I went to a pagan workshop in another state last month. In it, we were led in a beautiful guided meditation that brought us to a pool, where we met and interacted with our shadows and our brightness. Afterwards, the facilitators asked for comments, and every single person, including me, said that they were more comfortable with their shadows.
Shadows, I admit, are one of the things I love about my spiritual traditions. Throughout the Pagan movement, I see people standing up and acknowledging the power in our anger, our guilt, our sexuality, our sensuality, even our deaths – all of the parts of our lives and our selves that are too often denied or ignored in mainstream Western culture. It took me years to learn how to be really angry, and I value those lessons deeply. (A wise man told me that I would have to scream to do this. I told him I didn’t want to scream, which was true, but he was right.) But my experience at that workshop made me think about what we’re still excluding.
Taking on my shadow side felt to me like courage and power in ways that I knew how to identify. I thought I have to be brave and face your fear and do it anyway. Just do it! is a style of engagement whose virtues are sung from billboards worldwide. Often, its siren song helps me to avoid thinking of myself as a victim when in fact, I just don’t like any of my choices, and that is no small gift.
But for me, engaging my brightness is a much more difficult endeavor. My brightness holds my most tender parts: my openness, my willingness, my yielding, my yearning to see and be seen, to love and be loved. Even to write those words on a page is vulnerable. To try to feel them as fully as I learned to feel my anger sometimes seems impossible.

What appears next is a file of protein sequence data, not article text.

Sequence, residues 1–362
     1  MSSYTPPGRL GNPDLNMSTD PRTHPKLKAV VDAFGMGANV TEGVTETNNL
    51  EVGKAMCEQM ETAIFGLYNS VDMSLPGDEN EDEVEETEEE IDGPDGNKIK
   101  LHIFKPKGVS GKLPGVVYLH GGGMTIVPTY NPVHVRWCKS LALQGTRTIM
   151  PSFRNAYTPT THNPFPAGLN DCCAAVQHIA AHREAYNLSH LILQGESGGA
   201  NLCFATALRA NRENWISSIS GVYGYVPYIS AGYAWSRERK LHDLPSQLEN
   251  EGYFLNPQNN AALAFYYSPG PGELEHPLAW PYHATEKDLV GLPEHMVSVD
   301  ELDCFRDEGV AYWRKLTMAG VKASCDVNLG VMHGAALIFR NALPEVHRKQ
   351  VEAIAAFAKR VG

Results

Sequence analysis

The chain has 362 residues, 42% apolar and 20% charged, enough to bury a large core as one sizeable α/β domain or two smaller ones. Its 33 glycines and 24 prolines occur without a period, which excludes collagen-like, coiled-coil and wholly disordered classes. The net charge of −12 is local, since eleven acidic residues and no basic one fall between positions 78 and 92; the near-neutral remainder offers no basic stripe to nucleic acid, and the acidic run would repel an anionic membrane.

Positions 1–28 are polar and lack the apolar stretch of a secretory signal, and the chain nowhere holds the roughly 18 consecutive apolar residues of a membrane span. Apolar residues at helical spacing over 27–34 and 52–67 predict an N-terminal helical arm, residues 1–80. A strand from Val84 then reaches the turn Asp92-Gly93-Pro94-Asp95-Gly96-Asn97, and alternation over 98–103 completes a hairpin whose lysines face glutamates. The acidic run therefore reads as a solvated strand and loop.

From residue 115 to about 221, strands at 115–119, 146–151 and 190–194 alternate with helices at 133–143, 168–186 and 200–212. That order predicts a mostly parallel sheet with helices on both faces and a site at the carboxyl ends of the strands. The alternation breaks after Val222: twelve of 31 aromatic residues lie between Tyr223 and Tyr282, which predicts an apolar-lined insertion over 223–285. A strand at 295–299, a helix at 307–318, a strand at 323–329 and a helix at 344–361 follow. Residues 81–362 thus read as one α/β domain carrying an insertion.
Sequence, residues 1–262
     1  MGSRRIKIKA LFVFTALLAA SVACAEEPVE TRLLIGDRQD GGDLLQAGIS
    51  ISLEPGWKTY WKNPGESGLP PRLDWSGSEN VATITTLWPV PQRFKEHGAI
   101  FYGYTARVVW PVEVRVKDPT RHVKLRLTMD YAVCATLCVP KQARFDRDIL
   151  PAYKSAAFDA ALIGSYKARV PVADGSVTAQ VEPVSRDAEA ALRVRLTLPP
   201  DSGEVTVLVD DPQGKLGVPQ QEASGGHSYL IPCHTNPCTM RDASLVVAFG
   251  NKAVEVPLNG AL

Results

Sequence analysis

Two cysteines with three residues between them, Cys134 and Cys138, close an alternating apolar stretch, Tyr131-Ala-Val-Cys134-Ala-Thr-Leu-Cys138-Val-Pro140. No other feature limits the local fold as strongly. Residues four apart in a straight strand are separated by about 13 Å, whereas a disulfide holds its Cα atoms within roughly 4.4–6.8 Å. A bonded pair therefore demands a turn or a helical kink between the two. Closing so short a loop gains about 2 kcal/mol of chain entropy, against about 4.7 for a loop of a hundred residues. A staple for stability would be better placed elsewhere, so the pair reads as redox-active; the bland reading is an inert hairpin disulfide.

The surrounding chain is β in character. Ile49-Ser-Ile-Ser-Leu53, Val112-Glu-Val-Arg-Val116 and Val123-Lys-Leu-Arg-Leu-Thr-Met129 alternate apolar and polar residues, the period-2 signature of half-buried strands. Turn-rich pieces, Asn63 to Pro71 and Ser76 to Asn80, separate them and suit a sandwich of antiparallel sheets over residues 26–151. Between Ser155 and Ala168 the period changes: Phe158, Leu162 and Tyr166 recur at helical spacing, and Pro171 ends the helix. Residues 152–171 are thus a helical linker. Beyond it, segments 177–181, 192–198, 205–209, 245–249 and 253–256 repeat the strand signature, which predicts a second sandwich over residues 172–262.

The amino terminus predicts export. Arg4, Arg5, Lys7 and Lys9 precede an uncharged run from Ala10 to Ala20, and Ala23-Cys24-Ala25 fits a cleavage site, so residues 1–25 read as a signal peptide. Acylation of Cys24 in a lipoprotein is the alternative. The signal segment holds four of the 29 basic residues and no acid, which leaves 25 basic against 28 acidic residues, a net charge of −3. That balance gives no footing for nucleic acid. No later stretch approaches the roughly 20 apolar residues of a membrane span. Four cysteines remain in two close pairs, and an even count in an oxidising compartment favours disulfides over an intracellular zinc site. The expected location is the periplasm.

And yet, I find that this, too, is courage and power. Much of the deepest magic I have known comes from being able to stay with a practice or an experience that is uncomfortable, choosing not to set myself against it, but to make space for and breathe into it. The feeling of discomfort, I’ve learned, is the feeling of possibility shifting inside me, looking for a new shape to settle in. I always have the option to make a choice and shut down that potential, and I often do so, just to make myself more comfortable, but sometimes I try to make a different choice. I don’t get up from my chair when the writing gets tough, or throw my camera in the lake after the 500th completely boring photo. I say “that sounds so hard” to a struggling friend instead of changing the topic, and I mean it. I go back to my practice, again and again.
This is the challenge brightness offers: how far are you willing to open? To what are you willing to yield? I dare you.